The ability to pay for goods in a store without breaking open your wallet just took a giant leap forward.
Mobile commerce company Isis announced on Tuesday that it had signed deals with the parent companies of all four major payment networks -- Visa, MasterCard, Discover and American Express -- paving the way for broad availability of an ecosystem that will let American consumers use their smartphones at the cash register.
Isis, a joint venture between U.S. wireless carriers Verizon, AT&T and T-Mobile, is the first company to sign deals with all four major financial platforms.
Its mission: accelerate mobile payments adoption.
The levers are in place to do just that. The company now has availability across all the major payment platforms, and three of the four largest companies that sell smartphones in the U.S. will offer Isis-ready phones with support for near-field communication, or NFC, technology.
The general concept is to consolidate payments for goods, coupon redemption and loyalty point accumulation in one place: your phone. A lot of puzzle pieces must be assembled to make that happen, but from the looks of things, Isis is doing the difficult partner work now so that the process is a bit more seamless for consumers when it rolls out.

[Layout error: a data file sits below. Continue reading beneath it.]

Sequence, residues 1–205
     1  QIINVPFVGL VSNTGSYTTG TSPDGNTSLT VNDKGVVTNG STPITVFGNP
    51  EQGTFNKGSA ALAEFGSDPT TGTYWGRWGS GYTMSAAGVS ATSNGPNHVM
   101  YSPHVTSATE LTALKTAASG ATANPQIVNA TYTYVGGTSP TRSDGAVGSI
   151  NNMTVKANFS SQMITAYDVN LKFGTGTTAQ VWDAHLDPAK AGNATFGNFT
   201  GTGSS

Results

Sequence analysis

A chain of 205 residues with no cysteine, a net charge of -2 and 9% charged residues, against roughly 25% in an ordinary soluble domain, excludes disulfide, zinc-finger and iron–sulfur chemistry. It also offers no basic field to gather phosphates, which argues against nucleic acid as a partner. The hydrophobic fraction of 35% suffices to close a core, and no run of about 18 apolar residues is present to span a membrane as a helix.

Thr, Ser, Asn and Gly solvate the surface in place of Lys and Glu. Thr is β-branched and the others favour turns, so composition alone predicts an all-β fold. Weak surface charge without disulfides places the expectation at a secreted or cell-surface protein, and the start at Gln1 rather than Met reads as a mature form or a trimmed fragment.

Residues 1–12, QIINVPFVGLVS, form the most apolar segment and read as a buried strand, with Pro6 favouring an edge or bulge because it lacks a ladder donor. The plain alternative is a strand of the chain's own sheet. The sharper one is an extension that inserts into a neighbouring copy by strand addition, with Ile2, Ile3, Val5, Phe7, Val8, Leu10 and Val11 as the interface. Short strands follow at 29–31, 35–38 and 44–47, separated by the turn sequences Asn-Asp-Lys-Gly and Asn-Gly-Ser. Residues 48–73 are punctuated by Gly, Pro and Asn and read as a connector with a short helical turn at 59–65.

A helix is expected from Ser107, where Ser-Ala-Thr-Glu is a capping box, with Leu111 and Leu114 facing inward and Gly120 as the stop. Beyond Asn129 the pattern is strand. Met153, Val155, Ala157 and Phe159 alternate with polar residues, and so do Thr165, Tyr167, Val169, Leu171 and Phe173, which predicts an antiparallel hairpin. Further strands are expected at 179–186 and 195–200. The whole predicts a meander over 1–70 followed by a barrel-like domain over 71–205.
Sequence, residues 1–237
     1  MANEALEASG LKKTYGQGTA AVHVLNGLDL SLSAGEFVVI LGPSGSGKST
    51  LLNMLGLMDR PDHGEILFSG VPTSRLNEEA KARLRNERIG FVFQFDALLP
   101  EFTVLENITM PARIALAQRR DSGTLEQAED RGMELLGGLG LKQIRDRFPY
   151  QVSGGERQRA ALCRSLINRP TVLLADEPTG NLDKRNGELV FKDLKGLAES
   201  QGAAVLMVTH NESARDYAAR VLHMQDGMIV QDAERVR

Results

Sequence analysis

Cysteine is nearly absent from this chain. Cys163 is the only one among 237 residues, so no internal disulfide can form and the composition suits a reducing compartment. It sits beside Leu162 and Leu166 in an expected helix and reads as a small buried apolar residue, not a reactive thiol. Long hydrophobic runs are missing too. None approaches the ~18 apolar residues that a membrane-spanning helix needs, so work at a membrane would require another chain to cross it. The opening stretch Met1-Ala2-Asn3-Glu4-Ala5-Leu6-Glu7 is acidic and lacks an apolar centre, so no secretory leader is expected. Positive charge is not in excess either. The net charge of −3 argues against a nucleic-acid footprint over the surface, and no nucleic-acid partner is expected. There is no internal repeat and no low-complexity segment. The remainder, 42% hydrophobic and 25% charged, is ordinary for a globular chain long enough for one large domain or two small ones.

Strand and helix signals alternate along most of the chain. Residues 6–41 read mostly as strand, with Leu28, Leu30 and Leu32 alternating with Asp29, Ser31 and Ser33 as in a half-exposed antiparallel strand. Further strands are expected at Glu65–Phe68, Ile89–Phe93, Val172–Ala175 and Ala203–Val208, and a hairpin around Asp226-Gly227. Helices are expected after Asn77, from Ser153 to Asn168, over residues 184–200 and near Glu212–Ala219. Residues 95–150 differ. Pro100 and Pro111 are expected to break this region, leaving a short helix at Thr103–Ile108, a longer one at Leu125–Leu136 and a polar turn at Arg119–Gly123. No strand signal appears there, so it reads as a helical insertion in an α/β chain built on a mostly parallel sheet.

Speaking of which: Isis announced earlier this year that it will launch in "the first half of 2012" in a limited fashion -- only initially in Salt Lake City and Austin, Texas.
We'll see what happens in those markets, of course, but if I can find a way to get all those thumb-sized loyalty cards off my keyring, I'll be one step closer to nirvana.
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